Is it true that a dripping faucet could help prevent frozen pipes? Many of us have heard that having one dripping faucet in your home will prevent the rest of them from freezing over. Is this just an old wives’ tale—or is there some truth to it? It turns out that this is one of those cases where a little science can help you figure out whether your faucets might freeze over and cause some damage to your pipes.
Why do pipes freeze?
When water freezes, it expands. This is why a bottle of water will shatter or misshapen if you leave it in the freezer too long. Water expands, even more, when it’s cold outside, and frozen pipes are no exception.
When the air temperature is below 40°F (4°C), which can happen even in Florida winters, you can get frost inside your pipes—which means ice. The colder the temperature gets, the faster this happens: as temperatures drop below 32°F (0°C), for example, frost will form within about 8 hours; at 12°F (-11°C), frost forms in about 3 hours; at 25 °F (-4 °C) frost forms after 1 hour; and at 20 °F (-6 °C) ice starts to form within 15 minutes!
What to do if your pipes freeze?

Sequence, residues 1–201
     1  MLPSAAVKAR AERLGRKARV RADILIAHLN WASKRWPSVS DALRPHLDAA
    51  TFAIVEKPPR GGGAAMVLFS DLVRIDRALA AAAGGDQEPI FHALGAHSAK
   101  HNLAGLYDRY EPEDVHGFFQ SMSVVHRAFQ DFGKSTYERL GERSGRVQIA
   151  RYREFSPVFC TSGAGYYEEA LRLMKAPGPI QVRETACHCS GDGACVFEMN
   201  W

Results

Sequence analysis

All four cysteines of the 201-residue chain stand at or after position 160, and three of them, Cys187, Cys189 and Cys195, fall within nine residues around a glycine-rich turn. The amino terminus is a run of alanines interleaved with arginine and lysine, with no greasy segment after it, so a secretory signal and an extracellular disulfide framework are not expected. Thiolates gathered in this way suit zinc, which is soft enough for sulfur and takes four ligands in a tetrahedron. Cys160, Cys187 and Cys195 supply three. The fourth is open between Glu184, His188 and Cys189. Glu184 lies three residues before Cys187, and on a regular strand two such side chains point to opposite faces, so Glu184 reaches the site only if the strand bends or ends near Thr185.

In the event that your pipes freeze and you need to thaw them, here are a couple of options.
- Use a hair dryer or heat lamp. This is what we recommend for small areas—if you have an ice-dammed pipe and need to thaw it, you can use either method depending on whether the area is plastic or metal.
- For plastic pipes, particularly those in an unfinished basement or garage, try using a hair dryer to heat the area where water has frozen in your line. If there’s no outlet nearby (or if it’s getting too hot), consider using a portable heater—a heat lamp works well here! Make sure not to put any flame near flammable materials like carpeting; instead, place some foil underneath whatever object is closest so that no flames will come into contact with anything else inside your home.
A dripping faucet can prevent frozen pipes in certain situations.
While a dripping faucet can prevent frozen pipes in certain situations, it’s not the best solution for avoiding frozen pipes overall.
First, a dripping faucet isn’t a permanent solution—it’s only temporary. The moment you stop the drip, your water lines will freeze again. This can be dangerous if you’re relying on this method to keep your pipes from freezing during an extended power outage or in another situation where no one will be able to monitor the water levels in your home.
Second, a dripping faucet is not a substitute for insulation. While it may help protect against some types of damage caused by extreme cold (like burst pipes), it won’t prevent all issues related to freezing temperatures. This tactic may not even slow down their effects enough to give you time to act before things get too far gone! Additionally, insulation isn’t enough on its own: You also need heating inside your home to prevent pipes from bursting and ensure that all rooms are warm enough during those long winter nights ahead!